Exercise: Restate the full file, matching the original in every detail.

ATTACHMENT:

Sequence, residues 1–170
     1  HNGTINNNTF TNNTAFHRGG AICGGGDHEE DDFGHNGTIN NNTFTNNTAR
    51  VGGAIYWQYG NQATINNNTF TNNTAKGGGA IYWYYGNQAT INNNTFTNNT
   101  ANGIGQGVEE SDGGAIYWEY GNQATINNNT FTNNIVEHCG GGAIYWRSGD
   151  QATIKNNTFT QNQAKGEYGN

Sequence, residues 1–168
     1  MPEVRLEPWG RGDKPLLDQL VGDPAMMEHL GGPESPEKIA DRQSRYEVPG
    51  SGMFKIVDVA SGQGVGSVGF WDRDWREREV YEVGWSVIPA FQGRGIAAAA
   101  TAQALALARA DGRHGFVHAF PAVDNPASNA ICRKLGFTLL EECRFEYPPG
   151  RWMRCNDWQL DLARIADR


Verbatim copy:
Sequence, residues 1–170
     1  HNGTINNNTF TNNTAFHRGG AICGGGDHEE DDFGHNGTIN NNTFTNNTAR
    51  VGGAIYWQYG NQATINNNTF TNNTAKGGGA IYWYYGNQAT INNNTFTNNT
   101  ANGIGQGVEE SDGGAIYWEY GNQATINNNT FTNNIVEHCG GGAIYWRSGD
   151  QATIKNNTFT QNQAKGEYGN

Sequence, residues 1–168
     1  MPEVRLEPWG RGDKPLLDQL VGDPAMMEHL GGPESPEKIA DRQSRYEVPG
    51  SGMFKIVDVA SGQGVGSVGF WDRDWREREV YEVGWSVIPA FQGRGIAAAA
   101  TAQALALARA DGRHGFVHAF PAVDNPASNA ICRKLGFTLL EECRFEYPPG
   151  RWMRCNDWQL DLARIADR